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June 21, 2010

Discount on a gas bbq grill? (Part One)

The next three posts, about one day's asks, are on the long side, but here's what I hope you'll get out of reading them: a story about perseverance, negotiation, exasperation, wins and losses, patience and ground beef. In that order.

For my birthday last year, my dad and sister gave me some cash destined for a barbecue. My small house has a small backyard, but it's just big enough for a grill. Most people, given a few hundred bucks for a BBQ, might go to the store, find one within that budget and start grilling asap.

Not the asker.

For almost a year, I searched at hardware and department stores and I scoured Craigslist. I scanned sale circulars in the mail and waited for the best possible value. I got tons of advice. Gift or not, I didn't want their money to be spent on something more expensive than it had to be.

But all year, I was stunned to find that barbecues never go on sale. Like, NEVER. Not in winter, when I was sure they'd be on clearance. Not on Labor Day. I guess that's a drawback of living in permasummery San Diego.

Memorial Day, Mr. A and I flew back from Boston and our first stop (after dropping off the suitcases) was Home Depot. We spotted a Weber Grill with excellent reviews for $399. Once again, no promos or holiday sale, so I asked an employee, and eventually a manger, if we could get a better price.

Here are some of the phrases I used:

"I love the grill, but $400 is above my budget. I was looking to spent $300, because then I have to add in the butane, the tools, the cover. I could go up a little, but $400, plus taxes, plus the butane, it's just too much. Is there anything you can do?"

"Sometimes I know managers have special powers... do you think you could help us bring this price to where we could afford it?"

"If I take the floor model, what kind of discount could you give me?"

"Thanks for helping! You're totally making our summer!"

"A Home Depot credit Card? Sure, if you're willing to go down on the total price by 20%, then I'd consider opening one."

After about 10 minutes of this back and forth (me asking, her checking, me asking, her thinking, me asking, her agreeing), the manager of the grill department set us up with a reasonable deal. The grill was 10% off since we bought the (unblemished!) floor model, plus we'd get 20% off if we opened a Home Depot Card, plus she would give us free butane. We added a grill cover (and some weedkiller) and the total came out to around $450.

Considering just the grill would have been around $450 including tax, that was a fine deal. All the accessories, free, basically.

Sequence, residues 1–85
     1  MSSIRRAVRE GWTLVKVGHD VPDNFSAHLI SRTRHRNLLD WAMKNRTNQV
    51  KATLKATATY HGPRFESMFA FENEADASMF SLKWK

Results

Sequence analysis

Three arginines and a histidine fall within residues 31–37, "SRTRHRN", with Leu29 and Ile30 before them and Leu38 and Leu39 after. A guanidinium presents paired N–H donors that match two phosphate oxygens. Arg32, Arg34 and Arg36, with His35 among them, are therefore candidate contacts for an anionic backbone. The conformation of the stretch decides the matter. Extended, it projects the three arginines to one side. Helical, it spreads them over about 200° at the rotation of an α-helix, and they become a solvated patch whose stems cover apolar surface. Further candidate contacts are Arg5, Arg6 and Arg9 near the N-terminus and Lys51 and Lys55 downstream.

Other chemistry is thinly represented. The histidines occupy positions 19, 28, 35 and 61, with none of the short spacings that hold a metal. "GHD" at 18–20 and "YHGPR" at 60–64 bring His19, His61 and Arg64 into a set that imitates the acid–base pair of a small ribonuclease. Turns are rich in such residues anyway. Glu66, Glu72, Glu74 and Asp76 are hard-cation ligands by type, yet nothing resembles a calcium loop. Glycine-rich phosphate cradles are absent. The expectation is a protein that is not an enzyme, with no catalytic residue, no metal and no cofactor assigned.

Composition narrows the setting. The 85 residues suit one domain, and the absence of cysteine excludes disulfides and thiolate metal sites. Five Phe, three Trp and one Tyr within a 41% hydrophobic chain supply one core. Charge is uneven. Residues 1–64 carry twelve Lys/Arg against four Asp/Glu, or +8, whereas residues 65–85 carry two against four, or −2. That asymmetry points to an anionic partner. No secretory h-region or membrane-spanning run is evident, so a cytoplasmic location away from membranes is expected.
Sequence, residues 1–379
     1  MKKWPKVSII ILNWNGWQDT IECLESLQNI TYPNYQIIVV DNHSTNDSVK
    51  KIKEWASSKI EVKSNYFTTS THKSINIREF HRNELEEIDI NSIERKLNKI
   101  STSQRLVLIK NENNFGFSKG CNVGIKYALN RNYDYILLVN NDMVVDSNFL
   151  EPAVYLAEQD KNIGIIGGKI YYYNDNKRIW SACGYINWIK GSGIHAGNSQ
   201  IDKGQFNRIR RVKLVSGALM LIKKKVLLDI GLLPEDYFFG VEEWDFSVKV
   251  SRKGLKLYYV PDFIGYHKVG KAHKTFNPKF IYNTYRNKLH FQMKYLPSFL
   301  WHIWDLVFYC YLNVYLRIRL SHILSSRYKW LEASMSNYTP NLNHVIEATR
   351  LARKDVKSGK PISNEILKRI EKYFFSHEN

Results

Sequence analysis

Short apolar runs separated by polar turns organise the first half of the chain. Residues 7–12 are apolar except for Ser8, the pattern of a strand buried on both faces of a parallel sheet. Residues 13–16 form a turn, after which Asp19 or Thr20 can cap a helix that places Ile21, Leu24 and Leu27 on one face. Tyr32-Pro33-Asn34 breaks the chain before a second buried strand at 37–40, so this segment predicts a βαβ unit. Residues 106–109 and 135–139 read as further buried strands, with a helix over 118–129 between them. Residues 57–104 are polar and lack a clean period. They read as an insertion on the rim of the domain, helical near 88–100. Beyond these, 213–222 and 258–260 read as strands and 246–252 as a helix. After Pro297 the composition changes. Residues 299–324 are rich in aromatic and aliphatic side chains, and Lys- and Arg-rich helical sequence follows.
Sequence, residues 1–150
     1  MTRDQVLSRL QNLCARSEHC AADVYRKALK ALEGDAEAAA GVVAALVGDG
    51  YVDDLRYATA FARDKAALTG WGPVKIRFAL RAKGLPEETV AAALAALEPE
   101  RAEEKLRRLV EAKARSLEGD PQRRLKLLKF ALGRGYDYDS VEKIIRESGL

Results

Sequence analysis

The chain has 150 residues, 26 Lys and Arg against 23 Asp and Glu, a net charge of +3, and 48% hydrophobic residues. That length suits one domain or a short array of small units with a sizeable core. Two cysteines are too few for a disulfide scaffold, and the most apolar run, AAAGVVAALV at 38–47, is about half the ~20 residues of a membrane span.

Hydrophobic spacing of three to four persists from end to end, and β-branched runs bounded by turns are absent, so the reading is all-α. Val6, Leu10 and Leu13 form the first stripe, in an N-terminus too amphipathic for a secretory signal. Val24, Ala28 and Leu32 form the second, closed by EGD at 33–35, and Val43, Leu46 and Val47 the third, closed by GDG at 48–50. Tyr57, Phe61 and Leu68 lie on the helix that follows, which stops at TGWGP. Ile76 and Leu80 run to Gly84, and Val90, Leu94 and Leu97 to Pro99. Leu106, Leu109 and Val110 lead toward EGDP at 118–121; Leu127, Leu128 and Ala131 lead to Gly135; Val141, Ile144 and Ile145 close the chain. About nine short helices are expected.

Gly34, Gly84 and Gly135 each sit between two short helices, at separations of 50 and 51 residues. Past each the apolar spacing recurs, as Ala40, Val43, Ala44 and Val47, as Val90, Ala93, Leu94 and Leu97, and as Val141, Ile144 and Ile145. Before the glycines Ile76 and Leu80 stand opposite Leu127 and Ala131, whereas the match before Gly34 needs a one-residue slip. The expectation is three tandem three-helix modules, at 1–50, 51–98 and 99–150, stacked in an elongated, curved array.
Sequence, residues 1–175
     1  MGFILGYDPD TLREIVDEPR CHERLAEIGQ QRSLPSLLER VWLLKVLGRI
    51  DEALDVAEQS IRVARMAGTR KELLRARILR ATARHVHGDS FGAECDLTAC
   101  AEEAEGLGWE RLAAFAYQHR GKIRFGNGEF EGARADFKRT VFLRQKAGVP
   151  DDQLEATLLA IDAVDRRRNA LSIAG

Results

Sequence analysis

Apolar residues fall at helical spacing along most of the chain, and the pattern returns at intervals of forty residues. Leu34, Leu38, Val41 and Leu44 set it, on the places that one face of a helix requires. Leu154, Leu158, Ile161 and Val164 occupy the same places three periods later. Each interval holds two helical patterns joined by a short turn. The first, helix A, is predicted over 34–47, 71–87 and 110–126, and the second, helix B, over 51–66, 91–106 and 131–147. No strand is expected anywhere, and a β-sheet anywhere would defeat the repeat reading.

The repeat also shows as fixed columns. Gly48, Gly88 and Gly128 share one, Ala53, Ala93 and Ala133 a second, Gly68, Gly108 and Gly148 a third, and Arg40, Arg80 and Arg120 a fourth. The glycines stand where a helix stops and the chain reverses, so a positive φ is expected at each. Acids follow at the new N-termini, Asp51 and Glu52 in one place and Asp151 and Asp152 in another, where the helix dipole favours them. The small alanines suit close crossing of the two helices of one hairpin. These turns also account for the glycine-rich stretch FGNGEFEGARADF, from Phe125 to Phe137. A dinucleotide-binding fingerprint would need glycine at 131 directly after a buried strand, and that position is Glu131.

Only when we got to the register, the store manager told us the new credit card discount is 10%, not 20% and there was no way he could override that. I asked if he had any coupons behind the register and he said no. I asked for the overall store manager, who came after a short wait looking none too pleased.

"Hi," I said and smiled.

"Hi. How can I help you?"

"We would like to buy this grill and all these accessories. I was about to make the purchase when I got some bad news. Robert [the cashier] told us the discount your floor manager promised for opening a credit card isn't 20%, but 10%. That puts this grill out of my price range. So could you please come down on the price, or apply 20% off the whole purchase if we do open a card?"

"Can't do that."

"Oh really? Well is there something else you could to to help us buy this grill? It's a big purchase, and if you could help make it more affordable then I'd be happy to take the grill."

"So you don't want it anymore?"

"Not with just 10% off. We're getting a grill, a cover, all this stuff. It really adds up."

"I can't change the price. I'm not allowed to do that. They check the logs and believe me, at the end of the month I'd get it."

"That's such a pity. Because if you could knock off that 10 percent I would walk out of here with almost $500 in merchandise, I'm sure you'd get a good manager award."

"There's nothing I can do."

Mr. A had been listening in. He's not usually the quiet type -- far from it -- but when it comes to retail activities he backs off because a) I love doing the talking b) I have practice getting discounts c) he realized it's blog material.

But now he pulled me aside and we consulted.

"It's a lot of money, but it's a good grill. We're not going to get a much better deal anywhere else."

"I know, but now it's just the principle. I know he can give us a break. He just doesn't want to. I've been to Best Buy and other big ticket stores, and when you're buying $500 they work with you. They can always do something. Please believe me."

"Ok, no problem, then let's leave it," he said, in a tone that wailed, "Please just buy the damn grill and let's make some burgers!"

"Thank you. Sorry to drag this on, but I know there's a grill out there for us. I just can't reward the manager's behavior with a purchase," I answered, and told the manager coolly that we'd pass.

Part II, coming up next.

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